LEICESTER — At 87 years old, Sue Annis wasn’t going to let a little thing like a long line scare her away from getting inside the pot shop.
She had traveled at least an hour, motivated by the need to ease the pain in her hip. So she bundled up, armed herself with her cane and a smile, and joined the crowds waiting outside Cultivate last week.
It was time to replenish her supply of CBD gummies. Her daughter had bought her a bottle the week before, and, mixed with Tylenol, she said, they had been a “lifesaver.”
What she didn’t know, as she stood in the biting wind, was that Cultivate doesn’t sell CBD gummies, even though many other local stores do. In fact, products with CBD, a non-psychoactive compound found in cannabis, are widely available in Massachusetts at health stores and even gas station counters. Her daughter later told her she got the gummies at a local liquor store, and she likely could have gotten more at a store in Medway.
Annis left Cultivate empty-handed. But her day trip was anything but a waste.
Everyone was incredibly considerate, she said, especially when a security officer and store employees insisted she stand with medical card customers at the front of the line. She resisted at first, pointing out that she didn’t have a medical card herself, but another customer with a medical card encouraged her to stay there.
Annis said she even heard some people clap.
“It was one of the best days of my life. I just had a wonderful time,” Annis said by phone Friday. She laughed and added, “I’m not your average 87-year-old.”
Annis was just one of hundreds who waited in line at Cultivate on Thursday, where crowds were smaller than opening week but consistent. Gone was the winding line of cars that wound through a nearby neighborhood and drew the ire of locals.
With more parking spots, customers found a trip to the shop was easier than the first week.
But the customers standing outside remained — at least 100 strong — through most of the morning and early afternoon. They waited for at least an hour in the cold but didn’t seem to mind.
Cheyenne Soja, 28, of Griswold, Conn., waited in line with her husband and a friend, and seized the opportunity to connect with others.
Soja walked through the line with wide eyes and audible excitement, introducing herself to strangers and hugging newfound friends. When she and her husband, Joe Soja, finally left Cultivate with their purchases, Joe walked down the line giving high-fives to other hopeful customers.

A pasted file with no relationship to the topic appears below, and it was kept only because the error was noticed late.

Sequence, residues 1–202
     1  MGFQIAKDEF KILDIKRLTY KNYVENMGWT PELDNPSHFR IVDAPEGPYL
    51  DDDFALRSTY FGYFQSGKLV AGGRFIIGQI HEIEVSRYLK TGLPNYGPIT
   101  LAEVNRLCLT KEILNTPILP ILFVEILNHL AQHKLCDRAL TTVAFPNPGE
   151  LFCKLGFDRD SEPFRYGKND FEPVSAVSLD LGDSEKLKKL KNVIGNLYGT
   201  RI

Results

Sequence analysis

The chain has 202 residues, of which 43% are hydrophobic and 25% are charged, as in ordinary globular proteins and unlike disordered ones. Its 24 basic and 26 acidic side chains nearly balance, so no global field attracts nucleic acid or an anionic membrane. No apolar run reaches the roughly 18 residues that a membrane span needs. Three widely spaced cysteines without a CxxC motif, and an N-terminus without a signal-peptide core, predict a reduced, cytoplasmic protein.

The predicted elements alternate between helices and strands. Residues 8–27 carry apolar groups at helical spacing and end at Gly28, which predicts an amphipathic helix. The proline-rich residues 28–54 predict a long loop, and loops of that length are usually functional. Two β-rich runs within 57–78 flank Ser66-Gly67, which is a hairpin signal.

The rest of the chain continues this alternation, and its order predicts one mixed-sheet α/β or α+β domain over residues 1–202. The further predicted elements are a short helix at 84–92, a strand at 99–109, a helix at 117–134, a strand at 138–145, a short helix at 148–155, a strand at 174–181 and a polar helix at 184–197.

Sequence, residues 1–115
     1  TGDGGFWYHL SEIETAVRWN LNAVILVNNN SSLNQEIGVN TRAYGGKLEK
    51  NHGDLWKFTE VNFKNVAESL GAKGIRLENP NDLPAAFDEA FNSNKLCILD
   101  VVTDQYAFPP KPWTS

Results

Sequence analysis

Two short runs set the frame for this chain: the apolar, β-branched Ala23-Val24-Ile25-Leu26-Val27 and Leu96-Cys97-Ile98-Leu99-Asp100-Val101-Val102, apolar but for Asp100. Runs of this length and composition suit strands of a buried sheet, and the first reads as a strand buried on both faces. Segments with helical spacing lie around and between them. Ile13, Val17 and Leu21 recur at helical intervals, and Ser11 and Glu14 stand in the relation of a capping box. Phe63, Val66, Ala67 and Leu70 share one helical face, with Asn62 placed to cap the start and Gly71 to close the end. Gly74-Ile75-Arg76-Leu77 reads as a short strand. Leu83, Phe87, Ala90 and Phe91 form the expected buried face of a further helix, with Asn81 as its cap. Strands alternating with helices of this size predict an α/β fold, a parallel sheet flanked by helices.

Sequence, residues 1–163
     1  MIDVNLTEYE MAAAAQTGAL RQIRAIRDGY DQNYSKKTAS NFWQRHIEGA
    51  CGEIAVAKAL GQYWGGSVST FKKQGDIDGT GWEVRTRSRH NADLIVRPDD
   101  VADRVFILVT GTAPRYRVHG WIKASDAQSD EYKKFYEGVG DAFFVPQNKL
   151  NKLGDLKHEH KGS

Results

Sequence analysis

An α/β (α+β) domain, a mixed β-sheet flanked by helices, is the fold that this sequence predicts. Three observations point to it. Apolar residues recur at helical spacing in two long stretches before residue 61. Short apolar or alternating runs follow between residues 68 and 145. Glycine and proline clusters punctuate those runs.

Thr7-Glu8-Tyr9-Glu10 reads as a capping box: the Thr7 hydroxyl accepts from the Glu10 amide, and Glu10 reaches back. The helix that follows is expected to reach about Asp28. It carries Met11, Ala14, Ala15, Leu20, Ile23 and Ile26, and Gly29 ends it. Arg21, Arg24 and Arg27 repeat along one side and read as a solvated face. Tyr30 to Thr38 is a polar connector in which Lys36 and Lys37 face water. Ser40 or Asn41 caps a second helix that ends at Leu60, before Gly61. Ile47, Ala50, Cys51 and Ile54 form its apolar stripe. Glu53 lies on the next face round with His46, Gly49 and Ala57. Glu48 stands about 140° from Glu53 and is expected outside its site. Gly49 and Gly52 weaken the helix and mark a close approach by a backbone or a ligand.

“I’ve been waiting since I was 18 for this,” Joe Soja said before going inside the shop. “They might call this recreational, but it’s not something just for recreation.”
Cheyenne Soja, who works as a waitress but was off on Thursday, said it makes her life better knowing that marijuana can help the lives of people she loves, like her husband and her mother, who has a medical marijuana card in Connecticut.
“It’s just kind of crazy how people put weed and other drugs together, and it’s not the same thing,” she said.
Misty Waskiewicz, 39, also said she is thankful for the medicinal effects of marijuana. A home health aide for her mother and brother in Worcester, Waskiewicz said she’s eager for her family to try marijuana products for their medical ailments. They’ve never had medical cards.
She and her friend, Chelsea Miller, go for walks every Thursday and decided to drive by Cultivate, one of the state’s two recreational marijuana shops.
“I need to be a part of history,” Waskiewicz said. “I did not think it would happen in my lifetime.”
Miller, 32, works overnight hours for an animal wholesale business, so she came with Waskiewicz after a full morning of work. She said they expected the long lines — even longer lines, in fact — and they were more than ready to wait.
“We wanted to be part of it. We didn’t want to wait until it died down,” Miller said.
Michelle Torres wanted to visit Cultivate earlier last week, but the line was too long. She drove from Haverhill to Leicester, and then turned right around.
When she returned to the shop on Thursday, her 27th birthday, she refused to let the line deter her.
“I thought it’d be really cool to buy it legally for the first time, especially for my birthday,” she said, standing alongside her sister and a friend.
The women didn’t even need to go inside the store to know they’ll be back, and they’re particularly looking forward to stores opening closer to Haverhill.
“This is just the beginning,” Torres said.Felicia Gans can be reached at firstname.lastname@example.org. Follow her on Twitter @FeliciaGans.